By Marty Mulrooney
I haven’t read any of the original book in years (or the countless short stories), but I always remember thinking that Sherlock Holmes had never really been done justice when being translated to film. Instead, to many he had become little more than a pipe-smoking, cloak and deerstalker cap wearing detective.
So when I heard that British director Guy Ritchie was going to put his own unique spin on things, I was intrigued. Would this simply be ‘Lock, Stock’ set in the late 1800’s? Or would the iconic detective finally get the visual treatment he deserved? The answer seems to lie somewhere in-between the two…
Visually, this film is a triumph. Sure, there are moments of dodgy CGI, but mostly this film really nails the feel of 1891 London and I couldn’t have been happier. I like it when effects are not the focus of a film; overall, that seemed to be the case here.
The streets feel gritty and realistic, perhaps due to extensive location shooting (including Manchester, London and the docks of my hometown, Liverpool) matched with highly convincing sets, computer effects filling the gaps. Indeed, the opening shots of a wildly galloping horse and carriage, clattering over pebbled streets with noticeable urgency, draws you into this dark and dangerous past world at breakneck speed.
Robert Downey Jr. (an actor I have no shame in saying I have loved for a number of years) is certainly an interesting choice as the titular detective. As we get introduced to him, we are immediately shown not only his brains, but his brawn. The 1800’s Sherlock Holmes version of the bullet-time effect in the Matrix, we are immediately shown Holmes mentally ticking off his actions against a larger opponent in a deserted building (a hit to the throat stopping any shouting, a thud to the ribs bringing the victim to his knees) before the whole spectacle is shown in glorious real-time, with audible crunches to boot.
Fedora replacing the deerstalker cap, bohemian clothes betraying a quite frankly borderline nut job persona that is prone to moments of genius, Downey certainly presents the complete opposite of what many would expect from the stereotype of the detective. He even does a passable British accent.
Jude Law as Doctor Watson is another pleasant surprise. I am not a huge fan of the actor (although I have liked him in certain roles, particularly as a creepy crime-scene photographer in Road to Perdition) yet here, he is highly likeable as an English gentleman, Holmes’ reluctant sidekick and an overall nice guy.
He plays it straight so that Downey Jr. can run wild: it works very well. The banter between Holmes and Watson is the highlight of the film, without exception. Arguably, without the performances of Law and Downey Jr. the film would have suffered tremendously, to the point of becoming a huge waste of time and money. The casting here is spot on though, at least for the take on the franchise that they were aiming for.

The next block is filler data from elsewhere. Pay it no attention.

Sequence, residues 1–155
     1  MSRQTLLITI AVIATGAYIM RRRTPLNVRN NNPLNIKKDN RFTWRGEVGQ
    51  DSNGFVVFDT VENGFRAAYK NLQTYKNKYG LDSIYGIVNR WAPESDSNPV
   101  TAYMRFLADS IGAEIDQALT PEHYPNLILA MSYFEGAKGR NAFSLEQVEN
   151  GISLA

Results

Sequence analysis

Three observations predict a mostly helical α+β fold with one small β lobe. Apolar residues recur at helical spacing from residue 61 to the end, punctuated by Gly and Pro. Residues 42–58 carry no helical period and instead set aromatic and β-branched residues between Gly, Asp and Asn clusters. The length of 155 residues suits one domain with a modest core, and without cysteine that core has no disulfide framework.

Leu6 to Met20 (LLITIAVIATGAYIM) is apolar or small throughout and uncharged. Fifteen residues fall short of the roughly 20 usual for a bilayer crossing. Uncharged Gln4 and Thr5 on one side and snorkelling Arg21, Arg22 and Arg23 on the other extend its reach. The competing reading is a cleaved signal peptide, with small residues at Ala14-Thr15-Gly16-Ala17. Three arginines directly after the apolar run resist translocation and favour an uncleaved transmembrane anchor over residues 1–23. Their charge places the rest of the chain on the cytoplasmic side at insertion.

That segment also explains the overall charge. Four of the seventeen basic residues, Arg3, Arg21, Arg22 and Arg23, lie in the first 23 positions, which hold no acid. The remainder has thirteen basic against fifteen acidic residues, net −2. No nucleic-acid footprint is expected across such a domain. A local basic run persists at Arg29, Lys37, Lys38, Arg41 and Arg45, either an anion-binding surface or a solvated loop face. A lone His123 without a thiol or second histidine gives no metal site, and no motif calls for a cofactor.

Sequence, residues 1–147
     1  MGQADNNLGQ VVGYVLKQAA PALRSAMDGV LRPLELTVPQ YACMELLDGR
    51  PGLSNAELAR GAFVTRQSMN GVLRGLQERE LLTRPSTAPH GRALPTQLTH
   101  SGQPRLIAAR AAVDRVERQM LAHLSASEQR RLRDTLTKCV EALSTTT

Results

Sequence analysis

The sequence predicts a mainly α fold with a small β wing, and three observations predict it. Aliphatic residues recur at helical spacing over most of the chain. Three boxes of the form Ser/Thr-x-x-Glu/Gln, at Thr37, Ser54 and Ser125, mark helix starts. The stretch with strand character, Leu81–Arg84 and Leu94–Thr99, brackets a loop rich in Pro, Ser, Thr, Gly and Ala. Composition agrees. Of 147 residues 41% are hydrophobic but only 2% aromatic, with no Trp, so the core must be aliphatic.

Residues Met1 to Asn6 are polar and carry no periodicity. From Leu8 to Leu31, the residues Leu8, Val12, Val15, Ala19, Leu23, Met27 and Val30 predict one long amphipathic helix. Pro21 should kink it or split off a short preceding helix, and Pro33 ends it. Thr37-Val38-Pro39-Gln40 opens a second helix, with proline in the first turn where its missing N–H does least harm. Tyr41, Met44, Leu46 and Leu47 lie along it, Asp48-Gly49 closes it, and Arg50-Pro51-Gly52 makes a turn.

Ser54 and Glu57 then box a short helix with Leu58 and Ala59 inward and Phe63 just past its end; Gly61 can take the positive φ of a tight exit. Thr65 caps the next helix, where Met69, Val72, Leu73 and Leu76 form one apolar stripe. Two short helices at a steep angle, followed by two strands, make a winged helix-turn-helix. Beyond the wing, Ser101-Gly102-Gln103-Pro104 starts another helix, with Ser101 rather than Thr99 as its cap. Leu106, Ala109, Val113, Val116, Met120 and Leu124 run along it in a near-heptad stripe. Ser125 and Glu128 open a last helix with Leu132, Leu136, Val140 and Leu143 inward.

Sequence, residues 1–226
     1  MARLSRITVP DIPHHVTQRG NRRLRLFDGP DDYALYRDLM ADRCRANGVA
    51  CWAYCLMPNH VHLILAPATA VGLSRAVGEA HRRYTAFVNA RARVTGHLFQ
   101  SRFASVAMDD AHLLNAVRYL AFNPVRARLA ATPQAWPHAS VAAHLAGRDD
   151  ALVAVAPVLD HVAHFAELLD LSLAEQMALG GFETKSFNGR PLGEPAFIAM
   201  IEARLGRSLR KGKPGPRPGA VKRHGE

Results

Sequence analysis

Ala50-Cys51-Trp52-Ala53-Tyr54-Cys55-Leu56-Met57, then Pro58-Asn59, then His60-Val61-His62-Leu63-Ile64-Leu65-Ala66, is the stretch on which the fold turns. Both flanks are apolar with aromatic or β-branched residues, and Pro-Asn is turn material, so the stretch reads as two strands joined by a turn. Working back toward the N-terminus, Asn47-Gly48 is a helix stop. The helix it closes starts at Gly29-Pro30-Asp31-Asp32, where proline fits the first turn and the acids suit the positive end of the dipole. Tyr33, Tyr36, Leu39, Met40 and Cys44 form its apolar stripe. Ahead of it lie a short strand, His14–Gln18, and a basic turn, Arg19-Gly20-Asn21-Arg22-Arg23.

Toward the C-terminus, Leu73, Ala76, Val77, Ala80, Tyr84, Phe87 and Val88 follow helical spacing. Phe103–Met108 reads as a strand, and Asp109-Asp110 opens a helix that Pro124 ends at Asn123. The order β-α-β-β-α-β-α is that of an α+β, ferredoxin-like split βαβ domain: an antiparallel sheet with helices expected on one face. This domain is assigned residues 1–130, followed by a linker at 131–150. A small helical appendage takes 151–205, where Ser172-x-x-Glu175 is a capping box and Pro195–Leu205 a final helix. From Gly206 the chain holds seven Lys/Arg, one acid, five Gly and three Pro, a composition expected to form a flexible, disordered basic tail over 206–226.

Sadly, the storyline (wondering why I hadn’t mentioned that vital ingredient yet?) is only so-so. Mark Strong, an actor who I always enjoy seeing perform, makes a passable villain as Lord Blackwood, rumoured black-magic dabbler. After killing several women as human sacrifices, he is captured at the beginning by Holmes and Watson. Yet, even though sentenced to death, it seems that he has risen from the grave. His plans have only just begun…
The storyline is intriguing, don’t get me wrong. Yet the film falls into that same old holiday movie trap of having an action scene every 10 minutes. Holmes bare-knuckle boxing feels almost real and brutal at one point (kind of like Brad Pitt in Snatch); to see him later fighting several bad guys (including a huge brute), getting punched in the face time and time again with no visible damage, is disappointingly cartoonish.
Rachel McAdams as Irene Adler provides some nice eye-candy for male viewers, yet her back-story is sadly only ever hinted at. She holds her own against the boys, yet this is Downey and Law’s show, 100%.
She has some nice moments with Robert Downey Jr. later on in the film certainly, but it is difficult to care about her constant side-swapping and romantic endeavours when overall so very little is actually revealed about her in the end.
Over two hours long, Sherlock Holmes thankfully never outstays its welcome. It is a fun, light and breezy romp through Guy Ritchie’s surprisingly toned-down (his first ever non-R-rated film) version of 1891 London… just don’t expect anything too close to the source material. This is more of a reimagining than a faithful adaptation.
On a positive note, the soundtrack by The Dark Knight composer Hans Zimmer is superb. Squeaky violins and slightly out of tune pianos raucously stampede alongside the visuals with admirable gusto.
The annoying thing is, the main characters feel like they just needed a better story to walk around in: so much was done right here after all. The inevitable sequel will follow, and for Law and Downey Jr. alone I cannot wait. I just hope they bring an actual film with them next time, rather than a stretched out proof of concept. Cautiously recommended.
7 OUT OF 10